Most election campaigns started early and have involved political financing, in clear violation of electoral campaign regulations.
With the local council election campaigns approaching, the Iraqi Electoral Commission has called on candidates to avoid a set of prohibitions during their election campaigns, subject to penalties and fines. However, the application of these regulations seems difficult, given the limited authority of the law over the ruling parties.
The Independent High Electoral Commission set early November as the date for launching election campaigns for provincial council candidates, along with a number of instructions and regulations regarding the electoral campaign system. Legal experts confirmed that the penalties include fines, imprisonment, and even disqualification for those who violate the regulations and terms of the new Electoral Law No. 4 for the year 2023.
Most election candidates and their parties have started their advertising campaigns early by touring underserved residential areas and making promises to residents about services, improving living standards, and government appointments for their children. Most of these campaigns involve political financing, in explicit violation of electoral campaign regulations.
Jumana Al-Ghalay, a spokesperson for the Electoral Commission, said that the Board of Commissioners approved the instructions for election campaign expenditures. For individual candidates, it’s set at 250 dinars (about $0.19) multiplied by the number of voters. For parties and alliances, it’s 250 dinars multiplied by the number of voters times the number of candidates.
As for the election campaign system, which was approved by the Board of Commissioners under No. 2, the Electoral Commission issued a number of regulations in accordance with the electoral law. These include a ban on publishing any advertisements, programs, or images of political parties and alliances in polling stations and polling stations. Campaigning and pasting campaign advertisements for political parties, alliances, and candidates within 100 meters of polling stations are also prohibited.
Political parties, alliances, and candidates are prohibited from exploiting or using any of the election campaign means provided by the Electoral Commission. Candidates and parties are not allowed to distribute work programs, publications, cards, or other documents by themselves or through others on voting day.
Legal experts believe that political financing in election campaigns cannot be addressed by threats and warnings alone but needs decisive measures and sanctions that extend to violators, as well as a mechanism for enforcing penalties. The dominance of ruling parties is clearly visible through the exploitation of public funds and the use of government departments to pave roads and streets and other practices that occur in every election campaign.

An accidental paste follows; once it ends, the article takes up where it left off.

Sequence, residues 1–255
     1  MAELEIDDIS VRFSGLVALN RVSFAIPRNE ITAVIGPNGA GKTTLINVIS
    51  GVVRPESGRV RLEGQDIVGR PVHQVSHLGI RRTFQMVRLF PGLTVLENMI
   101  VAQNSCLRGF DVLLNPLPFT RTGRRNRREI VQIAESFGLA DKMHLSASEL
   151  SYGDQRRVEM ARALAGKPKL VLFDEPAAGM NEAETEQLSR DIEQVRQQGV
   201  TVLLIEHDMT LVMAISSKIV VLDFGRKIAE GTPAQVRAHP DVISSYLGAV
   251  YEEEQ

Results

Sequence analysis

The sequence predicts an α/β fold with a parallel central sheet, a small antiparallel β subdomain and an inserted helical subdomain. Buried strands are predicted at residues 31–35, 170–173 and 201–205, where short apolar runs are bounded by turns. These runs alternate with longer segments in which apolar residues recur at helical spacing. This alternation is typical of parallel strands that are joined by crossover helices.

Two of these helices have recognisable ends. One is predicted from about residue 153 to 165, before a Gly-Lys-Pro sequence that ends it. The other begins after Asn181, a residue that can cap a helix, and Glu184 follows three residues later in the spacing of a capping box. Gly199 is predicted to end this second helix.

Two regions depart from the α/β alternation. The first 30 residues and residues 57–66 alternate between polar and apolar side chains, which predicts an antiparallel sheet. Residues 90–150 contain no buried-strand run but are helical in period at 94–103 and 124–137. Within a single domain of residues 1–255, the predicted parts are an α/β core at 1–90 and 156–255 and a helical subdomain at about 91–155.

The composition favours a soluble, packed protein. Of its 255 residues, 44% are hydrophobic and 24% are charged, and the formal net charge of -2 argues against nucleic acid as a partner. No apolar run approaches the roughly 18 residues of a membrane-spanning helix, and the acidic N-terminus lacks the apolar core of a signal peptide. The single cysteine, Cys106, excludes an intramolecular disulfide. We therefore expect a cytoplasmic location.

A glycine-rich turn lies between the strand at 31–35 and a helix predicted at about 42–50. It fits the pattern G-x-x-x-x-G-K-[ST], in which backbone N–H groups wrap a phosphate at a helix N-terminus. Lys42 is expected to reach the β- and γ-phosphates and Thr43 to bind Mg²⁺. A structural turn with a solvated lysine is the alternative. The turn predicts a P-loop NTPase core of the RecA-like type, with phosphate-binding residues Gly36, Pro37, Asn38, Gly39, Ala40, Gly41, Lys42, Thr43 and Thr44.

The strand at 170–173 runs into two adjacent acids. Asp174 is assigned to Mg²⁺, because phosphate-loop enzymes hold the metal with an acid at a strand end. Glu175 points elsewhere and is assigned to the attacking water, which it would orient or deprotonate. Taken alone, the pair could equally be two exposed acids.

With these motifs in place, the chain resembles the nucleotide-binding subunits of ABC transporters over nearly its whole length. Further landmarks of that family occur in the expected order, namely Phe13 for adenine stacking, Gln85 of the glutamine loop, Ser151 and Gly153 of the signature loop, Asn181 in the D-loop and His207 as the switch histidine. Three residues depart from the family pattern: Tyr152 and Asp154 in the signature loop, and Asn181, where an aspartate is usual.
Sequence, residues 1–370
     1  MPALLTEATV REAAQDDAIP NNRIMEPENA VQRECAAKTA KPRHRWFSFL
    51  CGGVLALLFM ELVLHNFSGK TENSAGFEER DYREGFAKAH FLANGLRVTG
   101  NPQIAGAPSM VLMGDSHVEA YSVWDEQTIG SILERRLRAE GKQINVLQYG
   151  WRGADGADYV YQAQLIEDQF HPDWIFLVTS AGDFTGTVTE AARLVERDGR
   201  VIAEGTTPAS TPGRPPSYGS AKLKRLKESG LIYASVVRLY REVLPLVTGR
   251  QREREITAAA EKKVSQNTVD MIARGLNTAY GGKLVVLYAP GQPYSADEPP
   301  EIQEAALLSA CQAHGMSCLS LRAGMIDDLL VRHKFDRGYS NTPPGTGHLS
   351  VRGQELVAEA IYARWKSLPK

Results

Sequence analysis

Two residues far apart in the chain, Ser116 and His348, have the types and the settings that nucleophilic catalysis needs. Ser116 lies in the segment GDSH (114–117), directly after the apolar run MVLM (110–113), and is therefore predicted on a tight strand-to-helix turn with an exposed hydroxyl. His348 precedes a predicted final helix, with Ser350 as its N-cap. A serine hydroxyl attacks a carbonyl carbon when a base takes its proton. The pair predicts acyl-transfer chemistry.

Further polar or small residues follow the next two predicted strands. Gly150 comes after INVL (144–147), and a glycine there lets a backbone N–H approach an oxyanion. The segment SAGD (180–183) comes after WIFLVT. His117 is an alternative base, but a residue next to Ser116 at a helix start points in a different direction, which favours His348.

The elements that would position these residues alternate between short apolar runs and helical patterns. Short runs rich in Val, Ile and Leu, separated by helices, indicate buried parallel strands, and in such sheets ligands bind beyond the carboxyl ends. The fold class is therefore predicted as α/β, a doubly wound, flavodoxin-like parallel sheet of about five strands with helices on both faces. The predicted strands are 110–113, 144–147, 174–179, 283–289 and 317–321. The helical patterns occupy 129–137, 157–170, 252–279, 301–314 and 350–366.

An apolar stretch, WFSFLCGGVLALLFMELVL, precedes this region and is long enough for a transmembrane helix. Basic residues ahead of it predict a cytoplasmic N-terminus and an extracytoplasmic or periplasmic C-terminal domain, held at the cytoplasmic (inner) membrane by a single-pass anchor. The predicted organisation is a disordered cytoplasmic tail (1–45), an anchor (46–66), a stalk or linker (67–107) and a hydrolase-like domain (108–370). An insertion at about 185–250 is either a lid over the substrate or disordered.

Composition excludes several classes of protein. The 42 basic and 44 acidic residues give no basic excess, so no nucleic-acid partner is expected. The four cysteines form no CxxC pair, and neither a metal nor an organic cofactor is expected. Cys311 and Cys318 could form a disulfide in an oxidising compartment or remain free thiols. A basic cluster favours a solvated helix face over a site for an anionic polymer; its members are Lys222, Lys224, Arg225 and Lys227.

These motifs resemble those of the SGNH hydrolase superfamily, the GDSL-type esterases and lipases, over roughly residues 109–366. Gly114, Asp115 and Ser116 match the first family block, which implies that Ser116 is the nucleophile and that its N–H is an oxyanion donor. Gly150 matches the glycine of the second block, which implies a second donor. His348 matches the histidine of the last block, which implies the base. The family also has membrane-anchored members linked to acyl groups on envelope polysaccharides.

Despite the fact that the Electoral Commission prohibits the use of government buildings, various state institutions, and places of worship for any advertising or election activities for candidates, parties, and alliances, it is forbidden to use the official state emblem in meetings, advertisements, electoral publications, writings, and drawings used in the election campaign.
Al-Ghalay confirmed the prohibition of spending on election campaigns from public funds, ministry budgets, religious endowments, or external support, and the use of any form of pressure or coercion is not allowed, nor is giving material or moral benefits or promising them in order to influence voters and election results.
In order to monitor the progress of election campaigns, the Electoral Commission has set up central and subcommittees to coordinate with municipal councils and the Baghdad Governorate, as well as to coordinate with the Communications Authority regarding monitoring and following up on election campaigns on social media platforms.
Legal expert Ali At-Tamimi stated that these articles introduced physical penalties and fines ranging from imprisonment for up to one year and fines of up to 50 million dinars as a maximum for individuals and even entities, and it may even include disqualification by the Board of Commissioners.
At-Tamimi emphasized in statements to local media that “the Commission is required to prevent sectarian polarization and exclude any entity or person promoting it so as not to affect the upcoming election date”. He added that “these penalties, especially the fines, need to be activated in order to control the campaign and achieve the objectives of criminal punishment, which is deterrence and achieving social justice”.
The local elections in Iraq are scheduled for December 18th and will be the first local elections in the country since April 2013. Elected provincial councils will have the responsibility to select the governor and executive officials of the province, and they have the authority to appoint and dismiss and approve project plans according to the budget allocated to the province from the central government in Baghdad, according to the constitution.
According to the data of the Iraqi Electoral Commission, more than 23 million citizens are eligible to vote in the local council elections, including over 10 million people who have updated their voter records so far.
The Commission stated that 296 political parties organized themselves into 50 alliances that will participate in the elections. Candidates will compete for 275 seats, which are the total seats of the provincial councils in general, and 75 of them are designated for women and 10 seats for ethnic and religious minorities.